Right on time

    5 December 2015

    Are you habitually late for social events on the grounds that everyone knows how busy you are and that you will rock up eventually? Besides, you always text ahead to say you’re running late.

    Don’t relax. It’s not acceptable. And if you consider yourself a special case, then consider whether you care about being relegated to the B list. In 2015, party-givers both rural and urban are finding that there are too many names on their lists, and the obvious ones to cull are those of the flaky people they used to make allowances for.

    When recently viewing the guest list for a forthcoming Guinness celebration, for example, I queried the absence of mega-glamorous ‘X’ Guinness. ‘We’ve decided not to ask her,’ said Y Guinness. ‘She’s always so late. Last time dinner was over by the time she came and there was an empty space between Blah and Blah who everyone else had wanted to sit next to.’

    There is a half-baked assumption by those in high social demand that they can arrive late because they have to fit in so many engagements; and that, as with royalty, the other guests should be already assembled.

    Presumably, the Chancellor and Prime Minister are also in high demand on the social scene, but when Rachel Johnson and I arrived early for one Spectator summer party we found ourselves alone in the garden with Fraser Nelson, George Osborne and David Cameron. VIPs turn up on time to things because so many others will be inconvenienced if they don’t. Not just the host, but drivers, nannies, security guards etc. When interviewed (by me) in 2002 about her choice of a Subaru Forester for a runaround, Deborah Devonshire revealed that, most of the time she was sitting in it, the Subaru was immobile. ‘Andrew and I so dread being late for anything that we end up spending hours each week in lay-bys.’

    If you are early, you are wasting your own time; if you are late, you are wasting someone else’s.

    So if a VIP can be on time, why do so many VUPs — Very Unimportant People — swagger in late to dinner parties where soufflés will be spoiled, or to unveilings or celebrations where their late arrivals will disrupt the speech? Being late has become the hallmark of the loser.

    Don’t these people realise that their hosts are beginning to lose patience? One woman confided in me that she would love to have invited a certain chaotic (and impoverished) young couple to her house party in Italy for a week of luxury and planned outings, ‘but I know they wouldn’t get up on time and they would be late back to the jetty when it was time to go back to the mainland’.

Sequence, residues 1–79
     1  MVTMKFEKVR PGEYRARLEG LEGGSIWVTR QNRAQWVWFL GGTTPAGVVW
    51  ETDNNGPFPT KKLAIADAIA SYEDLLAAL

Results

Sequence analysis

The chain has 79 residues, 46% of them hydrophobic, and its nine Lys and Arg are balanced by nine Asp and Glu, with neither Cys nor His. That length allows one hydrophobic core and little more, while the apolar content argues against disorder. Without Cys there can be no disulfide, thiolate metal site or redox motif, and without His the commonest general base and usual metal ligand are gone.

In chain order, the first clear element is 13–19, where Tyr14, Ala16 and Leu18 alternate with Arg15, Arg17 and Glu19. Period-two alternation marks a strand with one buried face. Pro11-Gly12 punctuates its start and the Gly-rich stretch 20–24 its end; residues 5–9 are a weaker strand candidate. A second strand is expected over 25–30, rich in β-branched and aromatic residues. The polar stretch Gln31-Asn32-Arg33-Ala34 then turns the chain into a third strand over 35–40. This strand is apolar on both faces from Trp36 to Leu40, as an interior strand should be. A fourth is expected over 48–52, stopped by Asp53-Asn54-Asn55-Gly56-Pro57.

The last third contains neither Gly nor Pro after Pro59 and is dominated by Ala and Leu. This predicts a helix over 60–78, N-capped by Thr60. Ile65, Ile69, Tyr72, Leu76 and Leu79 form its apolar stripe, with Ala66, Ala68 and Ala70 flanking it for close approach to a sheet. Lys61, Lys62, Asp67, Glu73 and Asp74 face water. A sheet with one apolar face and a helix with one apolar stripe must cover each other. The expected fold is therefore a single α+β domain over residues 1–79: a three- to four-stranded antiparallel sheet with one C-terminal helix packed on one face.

Of course, it can be maddening to be given a false deadline — Boris Johnson was once told he would be on stage at two instead of three for the Althorp literary festival. Earl Spencer had worried he might cut it too fine, otherwise, but think what the giant could have achieved in that wasted hour.

    Then there was the time an arts club in Notting Hill ‘gave’ a gig to a promising young singer. Nell was told she was going to perform at six and we all arrived promptly. At the door we were curiously subjected to full body and bag searches. They were looking for alcohol.

    After many false alarms, Nell was eventually invited to appear on stage at eight. Tough luck for her father, who had offered to buy everyone drinks to thank them for their loyal support in turning up. He ended up with a bar bill of £700 by the time the unexplained two-hour wait was over. This arts club uses this wheeze regularly.

    I’m just talking here about social lateness. It goes without saying that being late for a job interview would be absurdly self-sabotaging.

    Is lateness a sign of passive aggression? No. Idiocy and misguided image consciousness may account for perhaps 10 per cent of cases. Selfishness and solipsism for 20 per cent. But in around 70 per cent of cases it is simply a sign of being disorganised. Says my 21-year-old daughter: ‘Mobile phones have given people false confidence about timekeeping. Because you are looking at your mobile all the time and there is a clock on the screen, you feel you don’t need to check the time, and yet somehow you get clock-blindness. Then you suddenly find you are late.’